The Black Widow is on time – and too late



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That’s appropriate – and ironically – it is Black widow takes place in the past. Chronologically, in MCU, the story of the film takes place following the events from Captain America: The Civil War, when the Avengers went their separate ways. But chronologically, it arrives in the real world in 2021, more than a year after the scheduled release (thanks, Covid), and roughly five years after it was supposed to be made.

For years, the Black Widow (aka Natasha Romanoff, played by Scarlett Johansson) was the only female hero in Avengers cinemas, first appearing in Iron Man 2. By the time it first arrived, Thor, Captain America and Spider-Man had been given two stand-alone films. Doctor Strange and Black Panther received one each; as did Captain Marvel, beating Natasha as the first female Marvel superhero to get his own move. Now, after her character was actually killed Avengers: Endgame, The Black Widow finally has a movie to call her own. It’s offensive – too late.

Except it’s not. There is no denying that Johansson’s character should have had a solo film long before that. (In a way, she almost got it with 2018 Red sparrow, except – with due respect to Jennifer Lawrence – that film was a bit horrible.) There’s also no way to disprove the fact that over the years there’s been a lot of bullshit about whether people pay to see a woman or not – ran an action film, why you have to respect Jennifer Lawrence—Hunger Games the franchise was a big factor in changing all that. Such were other Marvel films Black panther. “I think we expected that we wanted to watch whites, and if they weren’t whites, we wouldn’t be coming,” WidowDirector Cate Shortland, recently said for Los Angeles Times. Today, the door is wide open Black widow to dominate – and more courageously than it could in 2015.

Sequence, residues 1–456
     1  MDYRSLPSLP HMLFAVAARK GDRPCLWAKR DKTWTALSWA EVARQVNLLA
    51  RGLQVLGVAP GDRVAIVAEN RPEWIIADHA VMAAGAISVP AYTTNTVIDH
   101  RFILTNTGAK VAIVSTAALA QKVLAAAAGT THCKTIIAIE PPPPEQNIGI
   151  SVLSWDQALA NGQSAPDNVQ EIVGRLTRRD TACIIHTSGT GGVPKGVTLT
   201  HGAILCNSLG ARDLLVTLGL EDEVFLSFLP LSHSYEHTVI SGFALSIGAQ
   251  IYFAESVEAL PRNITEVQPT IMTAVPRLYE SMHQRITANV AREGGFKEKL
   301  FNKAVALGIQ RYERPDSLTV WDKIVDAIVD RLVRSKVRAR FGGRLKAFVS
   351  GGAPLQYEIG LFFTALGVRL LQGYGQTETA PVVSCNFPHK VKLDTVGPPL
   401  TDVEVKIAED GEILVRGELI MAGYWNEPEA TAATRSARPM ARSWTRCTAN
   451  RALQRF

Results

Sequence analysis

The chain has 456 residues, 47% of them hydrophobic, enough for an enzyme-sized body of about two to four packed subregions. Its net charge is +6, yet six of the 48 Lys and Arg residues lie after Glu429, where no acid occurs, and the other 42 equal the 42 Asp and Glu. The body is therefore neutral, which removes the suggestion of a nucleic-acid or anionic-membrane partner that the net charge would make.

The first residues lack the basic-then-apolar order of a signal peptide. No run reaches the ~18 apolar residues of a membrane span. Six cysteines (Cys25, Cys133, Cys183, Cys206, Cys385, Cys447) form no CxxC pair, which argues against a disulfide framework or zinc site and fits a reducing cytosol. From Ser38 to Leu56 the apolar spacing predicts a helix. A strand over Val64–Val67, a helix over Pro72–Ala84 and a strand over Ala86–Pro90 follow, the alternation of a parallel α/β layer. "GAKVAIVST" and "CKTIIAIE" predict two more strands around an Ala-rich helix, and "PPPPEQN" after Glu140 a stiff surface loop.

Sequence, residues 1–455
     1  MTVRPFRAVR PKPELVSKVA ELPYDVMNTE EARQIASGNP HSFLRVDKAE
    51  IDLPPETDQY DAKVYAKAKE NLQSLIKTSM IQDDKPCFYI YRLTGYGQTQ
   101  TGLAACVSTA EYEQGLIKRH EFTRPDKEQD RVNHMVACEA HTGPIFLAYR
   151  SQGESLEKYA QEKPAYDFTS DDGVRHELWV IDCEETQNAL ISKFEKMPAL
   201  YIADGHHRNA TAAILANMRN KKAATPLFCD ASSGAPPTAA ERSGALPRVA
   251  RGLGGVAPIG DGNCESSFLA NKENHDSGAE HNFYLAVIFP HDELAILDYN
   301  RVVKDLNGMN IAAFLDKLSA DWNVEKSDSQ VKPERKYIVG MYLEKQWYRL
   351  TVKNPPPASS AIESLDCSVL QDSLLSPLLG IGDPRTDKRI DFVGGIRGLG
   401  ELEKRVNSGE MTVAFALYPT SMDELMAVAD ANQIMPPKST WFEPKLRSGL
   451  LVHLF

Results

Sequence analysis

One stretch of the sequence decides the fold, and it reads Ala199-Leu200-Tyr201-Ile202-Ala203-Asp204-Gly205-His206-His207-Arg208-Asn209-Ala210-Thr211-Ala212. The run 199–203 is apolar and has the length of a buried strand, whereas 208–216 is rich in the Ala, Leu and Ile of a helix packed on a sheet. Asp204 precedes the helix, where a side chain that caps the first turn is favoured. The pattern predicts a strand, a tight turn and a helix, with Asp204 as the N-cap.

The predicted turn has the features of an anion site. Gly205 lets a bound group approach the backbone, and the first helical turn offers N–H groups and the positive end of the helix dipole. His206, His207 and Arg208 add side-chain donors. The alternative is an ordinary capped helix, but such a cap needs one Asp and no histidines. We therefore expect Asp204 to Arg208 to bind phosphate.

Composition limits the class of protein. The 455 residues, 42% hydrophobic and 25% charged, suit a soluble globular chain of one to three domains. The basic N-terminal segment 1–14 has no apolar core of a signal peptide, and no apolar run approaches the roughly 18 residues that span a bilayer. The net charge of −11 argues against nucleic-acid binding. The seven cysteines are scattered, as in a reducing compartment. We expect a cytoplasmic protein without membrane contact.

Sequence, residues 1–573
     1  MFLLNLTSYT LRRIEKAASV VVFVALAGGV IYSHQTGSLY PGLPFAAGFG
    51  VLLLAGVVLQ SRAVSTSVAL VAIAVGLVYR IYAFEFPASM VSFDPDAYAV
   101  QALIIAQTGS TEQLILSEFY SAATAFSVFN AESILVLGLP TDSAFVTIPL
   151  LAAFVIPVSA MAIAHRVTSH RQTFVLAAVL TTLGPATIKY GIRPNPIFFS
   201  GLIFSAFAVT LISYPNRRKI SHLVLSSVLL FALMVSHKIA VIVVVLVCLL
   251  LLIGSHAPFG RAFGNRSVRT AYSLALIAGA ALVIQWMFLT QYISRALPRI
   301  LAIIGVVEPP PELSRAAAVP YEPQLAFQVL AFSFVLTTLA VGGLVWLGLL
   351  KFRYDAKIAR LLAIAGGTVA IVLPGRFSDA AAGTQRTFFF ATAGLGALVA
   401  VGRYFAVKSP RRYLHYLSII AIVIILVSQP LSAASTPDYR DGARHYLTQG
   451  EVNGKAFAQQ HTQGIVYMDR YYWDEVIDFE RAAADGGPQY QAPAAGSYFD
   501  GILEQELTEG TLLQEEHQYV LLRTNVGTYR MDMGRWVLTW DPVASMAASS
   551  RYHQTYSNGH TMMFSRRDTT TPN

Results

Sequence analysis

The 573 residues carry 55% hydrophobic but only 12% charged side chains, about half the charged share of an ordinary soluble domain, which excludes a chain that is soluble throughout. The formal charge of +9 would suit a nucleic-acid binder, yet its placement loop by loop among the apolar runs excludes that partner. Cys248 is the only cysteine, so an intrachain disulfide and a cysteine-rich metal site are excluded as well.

As it turns out, the film seems ready to do just that. As of this writing, Marvel’s latest version is expected to bring in between $ 80 million and $ 90 million when it opens in North America this weekend—easy to beat $ 70 million raised F9 just a few weeks ago and setting a record for movies released after Covid-19 lockdowns.

Above the studios that wake up from the cinematic potential of women-led films, something else happened at the time fans were waiting for Black Widow to get her movie: #MeToo. 2017 after mass investigations New Yorker i New York Times in connection with allegations of sexual misconduct against Hollywood producer Harvey Weinstein, women around the world have begun to talk about their experiences of harassment and assault. The movement created a climate in which even the usual Marvel film could discuss issues such as forced sterilization and manipulation of women – after all, Natasha Romanoff used to be a girl who was turned into an assassin by a Soviet organization that exploited young women. The first discussions about the film began right after Weinstein’s story broke, and as Johansson told Yahoo! Entertainment recently, “you can’t miss the opportunity to make a comparison between these two things.” Shortland went a step further, saying Years, “The other thing that happened was that we could say what we wanted to say; we could joke about women’s trauma and control of women’s bodies. “


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